I had never been to Vegas until this summer. People always say it’s crazy and there’s just so much to see that you cannot possibly take it all in in one trip. The night we arrived, I was just in shock. As usual, my attention was caught at first on all the pretty lights and ornamentation and excitement of being in Vegas, but the next day I just couldn’t believe everything I saw. It may sound silly, but every direction I looked, I thought “This is just ridiculous, where am I?” In any other city, the tall structures would be filled with offices, apartments, or businesses. In Vegas, those structures are an entire different world inside each one. One day we were in Venice, another in Rome, and the next in New York. The cities are replicated inside where you seem to get lost in this ideal world, having to remind yourself it’s not a bit real. Just as you said in the beginning, “Technology has given us the ability to alter and create what we feel is an ideal world” –lask0062. I can say I know for a fact now. I have experienced it. Nowadays, people don’t need to travel to the “real” Venice or Rome if they don’t want to. They can just go to Vegas. To me, I enjoyed Vegas; obviously it was a blast. However, I also agree that Vegas has taken advantage of the abilities technology has given us. If Vegas remains, how do we really appreciate what is authentic culture, design, and food if we can have such easy access to a cheap imitation, paying the cost of Vegas and have the “feeling of Venice” rather than going to Venice?

  2. I agree with lask0062 that people do not appreciate authenticity when they have become familiar with the imitation. When I went to the Louvre in France and saw the Mona Lisa I was unimpressed and did not think it looked very special, because I’ve seen so many fakes of it, much like how lask0062 was not very impressed by buildings in Prague, though she knew that she should be (consider the time, effort and skill that went into those buildings vs. Disney Land). I also feel that imitations can rob importance and meaning from their original counterparts, such as the fake Eiffel tower and Sphinx in Las Vegas, mentioned by both wang1139 and lask0062. Their examples bring to mind Asian food restaurants with exterior’s that use faux materials and design to imitate traditional Asian temples/ buildings. Having seen many such temples in person, I can assure you the experience leaves much to be desired. Many people may feel that they don’t need to see the real thing, even though the feeling they could get from the real things could be much different and more impressive, especially seeing them within their original context. Despite looking the same, imitation is very different from the real thing. Imitation cannot have cultural or traditional value; it is cheap and does not represent a culture or tradition to its fullest. This could lead to less appreciation for history and culture and their value, which in turn would mean that people wouldn’t be learning as much.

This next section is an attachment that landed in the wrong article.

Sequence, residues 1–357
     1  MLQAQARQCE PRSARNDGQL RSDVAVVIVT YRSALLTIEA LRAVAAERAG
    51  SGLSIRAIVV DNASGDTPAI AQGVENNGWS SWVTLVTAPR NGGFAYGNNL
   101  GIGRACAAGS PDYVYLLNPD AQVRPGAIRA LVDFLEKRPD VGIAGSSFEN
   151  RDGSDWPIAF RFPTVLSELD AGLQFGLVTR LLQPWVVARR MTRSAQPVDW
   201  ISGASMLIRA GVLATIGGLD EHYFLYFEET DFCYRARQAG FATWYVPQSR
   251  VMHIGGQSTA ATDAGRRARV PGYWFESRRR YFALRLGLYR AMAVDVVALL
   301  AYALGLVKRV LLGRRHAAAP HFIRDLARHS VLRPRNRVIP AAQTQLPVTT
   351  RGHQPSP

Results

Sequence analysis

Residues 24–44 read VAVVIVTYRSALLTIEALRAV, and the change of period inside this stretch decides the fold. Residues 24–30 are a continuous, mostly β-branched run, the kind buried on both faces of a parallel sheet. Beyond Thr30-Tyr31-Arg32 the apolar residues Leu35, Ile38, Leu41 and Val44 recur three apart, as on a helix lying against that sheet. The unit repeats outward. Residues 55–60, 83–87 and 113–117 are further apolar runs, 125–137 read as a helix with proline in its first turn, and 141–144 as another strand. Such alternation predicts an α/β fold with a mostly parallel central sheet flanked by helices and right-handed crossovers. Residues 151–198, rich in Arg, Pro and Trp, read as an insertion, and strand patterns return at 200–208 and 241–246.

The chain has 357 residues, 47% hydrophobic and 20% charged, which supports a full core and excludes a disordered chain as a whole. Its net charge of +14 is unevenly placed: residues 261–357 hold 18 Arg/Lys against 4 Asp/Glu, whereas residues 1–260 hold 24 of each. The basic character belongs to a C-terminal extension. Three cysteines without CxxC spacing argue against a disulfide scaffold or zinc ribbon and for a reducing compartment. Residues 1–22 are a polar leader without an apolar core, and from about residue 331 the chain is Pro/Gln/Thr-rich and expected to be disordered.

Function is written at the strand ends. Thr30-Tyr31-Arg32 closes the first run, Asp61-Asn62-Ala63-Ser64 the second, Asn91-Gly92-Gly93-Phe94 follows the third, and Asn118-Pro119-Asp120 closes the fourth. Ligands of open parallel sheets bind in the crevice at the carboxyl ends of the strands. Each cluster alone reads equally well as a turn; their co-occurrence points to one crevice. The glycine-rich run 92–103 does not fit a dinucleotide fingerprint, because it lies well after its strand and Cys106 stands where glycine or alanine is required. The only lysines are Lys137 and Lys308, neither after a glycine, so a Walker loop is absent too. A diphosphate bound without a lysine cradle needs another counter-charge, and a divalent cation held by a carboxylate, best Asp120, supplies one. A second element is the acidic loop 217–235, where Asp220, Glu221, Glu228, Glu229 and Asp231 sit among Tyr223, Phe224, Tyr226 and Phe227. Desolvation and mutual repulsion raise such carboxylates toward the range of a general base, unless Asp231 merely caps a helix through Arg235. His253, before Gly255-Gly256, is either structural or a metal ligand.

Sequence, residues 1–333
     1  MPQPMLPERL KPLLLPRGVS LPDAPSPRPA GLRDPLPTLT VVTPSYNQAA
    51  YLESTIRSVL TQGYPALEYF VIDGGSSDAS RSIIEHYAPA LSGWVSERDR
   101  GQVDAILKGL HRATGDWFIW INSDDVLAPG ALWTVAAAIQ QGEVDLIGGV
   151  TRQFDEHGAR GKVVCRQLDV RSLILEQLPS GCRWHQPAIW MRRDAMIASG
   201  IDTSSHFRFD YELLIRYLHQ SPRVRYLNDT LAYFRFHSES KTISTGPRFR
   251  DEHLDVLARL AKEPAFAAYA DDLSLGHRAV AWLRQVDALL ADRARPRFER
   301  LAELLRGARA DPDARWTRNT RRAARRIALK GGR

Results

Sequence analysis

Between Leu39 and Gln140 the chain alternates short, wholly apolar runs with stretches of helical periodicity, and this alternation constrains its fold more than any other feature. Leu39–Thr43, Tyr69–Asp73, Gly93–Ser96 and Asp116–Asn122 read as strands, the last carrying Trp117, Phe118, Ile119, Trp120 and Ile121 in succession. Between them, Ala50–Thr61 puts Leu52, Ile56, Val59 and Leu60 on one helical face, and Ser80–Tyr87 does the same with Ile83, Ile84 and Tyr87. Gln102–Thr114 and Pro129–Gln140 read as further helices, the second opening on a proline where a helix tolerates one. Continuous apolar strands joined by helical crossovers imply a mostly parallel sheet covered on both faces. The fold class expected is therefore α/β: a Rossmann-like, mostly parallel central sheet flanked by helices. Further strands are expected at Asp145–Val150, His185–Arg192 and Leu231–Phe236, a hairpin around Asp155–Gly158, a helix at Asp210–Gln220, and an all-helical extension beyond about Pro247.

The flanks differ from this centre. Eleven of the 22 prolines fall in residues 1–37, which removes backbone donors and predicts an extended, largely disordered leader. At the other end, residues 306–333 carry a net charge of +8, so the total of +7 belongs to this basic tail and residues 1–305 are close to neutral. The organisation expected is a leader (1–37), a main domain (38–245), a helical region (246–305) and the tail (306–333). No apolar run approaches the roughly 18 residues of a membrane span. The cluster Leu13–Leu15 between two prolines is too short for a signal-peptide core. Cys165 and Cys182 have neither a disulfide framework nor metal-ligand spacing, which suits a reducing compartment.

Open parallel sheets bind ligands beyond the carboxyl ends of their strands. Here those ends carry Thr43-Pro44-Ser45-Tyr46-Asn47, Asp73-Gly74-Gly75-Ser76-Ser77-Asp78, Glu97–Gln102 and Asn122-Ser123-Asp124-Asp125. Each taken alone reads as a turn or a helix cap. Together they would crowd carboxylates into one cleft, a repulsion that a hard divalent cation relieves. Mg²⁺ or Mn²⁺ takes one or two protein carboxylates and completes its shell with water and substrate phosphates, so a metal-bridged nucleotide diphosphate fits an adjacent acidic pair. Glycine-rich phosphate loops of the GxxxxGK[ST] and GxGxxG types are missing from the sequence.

However, like lask0062, I do see some advantages to the use of imitation. Imitation material is a better option for structures that we know we will take damage in some cases, like lask0062’s dog example. Public buildings such as restaurants may use imitation materials for this very reason (Olive Garden, for example, with it’s fake stucco and Italian theme). Sometimes giving up a bit of authenticity can lead to a stronger structure. For example, though old buildings built entirely out of brick have an undeniable charm and remarkable craftsmanship, using only an exterior of brick and an interior of concrete can make a building much sturdier (many buildings on campus employ this technique). Moreover, the savings in cost or labor that using imitation materials yields could be used for better equipment within the building, or even as a charitable donation to those in greater need.